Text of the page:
Improving the Interior and Exterior of Your Home

How to take home improvement inspiration from Japan

The current trend for minimalism isn't as modern as it seems. Simple, elegant designs have been a staple of Japanese design for centuries. 

The key principle of Japanese design is that everything visible should have at least one purpose. This post will look at ways to allow as much air and light as possible in by getting rid of unnecessary clutter.

After centuries of building houses with this minimalist goal in mind, Japanese architects have some great tricks which you can adapt in your own home. One essential tool to maximise storage space is the slide robe, or sliding wardrobe. This feature is based on Japan's iconic paper doors, which retract into the wall seamlessly. Sliding doors used in the home can also be used to turn two private rooms into one large entertainment space and back at the drop of a hat.

Work with a contractor from a business like Hills Robes & Screens to learn more about sliding wardrobes and how they can be incorporated into rooms.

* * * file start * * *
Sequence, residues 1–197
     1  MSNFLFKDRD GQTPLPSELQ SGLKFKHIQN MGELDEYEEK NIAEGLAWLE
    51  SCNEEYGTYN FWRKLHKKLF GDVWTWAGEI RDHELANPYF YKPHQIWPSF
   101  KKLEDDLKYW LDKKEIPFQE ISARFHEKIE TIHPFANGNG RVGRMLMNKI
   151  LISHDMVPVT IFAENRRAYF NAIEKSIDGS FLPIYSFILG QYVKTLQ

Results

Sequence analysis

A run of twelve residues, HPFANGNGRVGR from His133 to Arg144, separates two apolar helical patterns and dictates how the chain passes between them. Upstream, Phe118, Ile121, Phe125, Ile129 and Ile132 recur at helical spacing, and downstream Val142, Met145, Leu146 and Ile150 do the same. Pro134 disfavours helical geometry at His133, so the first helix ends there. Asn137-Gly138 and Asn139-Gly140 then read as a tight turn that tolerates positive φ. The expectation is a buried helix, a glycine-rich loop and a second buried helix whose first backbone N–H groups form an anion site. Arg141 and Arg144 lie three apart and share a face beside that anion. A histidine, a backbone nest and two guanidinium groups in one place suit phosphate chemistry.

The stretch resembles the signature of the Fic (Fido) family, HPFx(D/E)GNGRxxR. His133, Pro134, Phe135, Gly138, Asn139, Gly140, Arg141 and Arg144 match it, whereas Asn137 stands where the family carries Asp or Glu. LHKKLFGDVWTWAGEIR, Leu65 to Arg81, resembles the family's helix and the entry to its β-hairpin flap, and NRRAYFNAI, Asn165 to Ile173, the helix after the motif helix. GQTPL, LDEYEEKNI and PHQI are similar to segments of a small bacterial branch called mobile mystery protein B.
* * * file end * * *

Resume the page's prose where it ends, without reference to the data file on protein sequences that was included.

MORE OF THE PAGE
If the slide robe doesn't prove enough to cope with your storage needs, try incorporating a kaidan dansu, or staircase chest. Rarely seen in the West, these steps incorporate sliding drawers along on one side. Japanese architects have even found ways to work shelving into load-bearing beams and walls. Remember, the principle here is that everything should have at least one purpose.

After de-cluttering, your space will already be looking bigger, whatever its original size. This effect can be enhanced by your choice of decor. Light tones such as creams and fawns, combined with wood features and floors, are the best palette to maximise your sense of space. Japanese pine blends perfectly with this scheme; alternatively, rich, dark wood such as Japanese walnut used on a statement wall can form a dramatic contrast.

Being free of clutter doesn't mean you have to get rid of all decorations, but think natural. Plants are the best accent to a room, as they add life and colour without shouting their presence. You could also get into the art of suiseki, or stone appreciation, with a rock feature. 

If plants or stones don't speak to your personality, one clever Japanese tradition is to have an alcove in your main room to display a single item of beauty or personal significance. This is swapped for a different object however often the owner wishes. You can store your mementos in your kaidan dansu, and display them one at a time. This way, you save on space and give each object special attention, one piece at a time.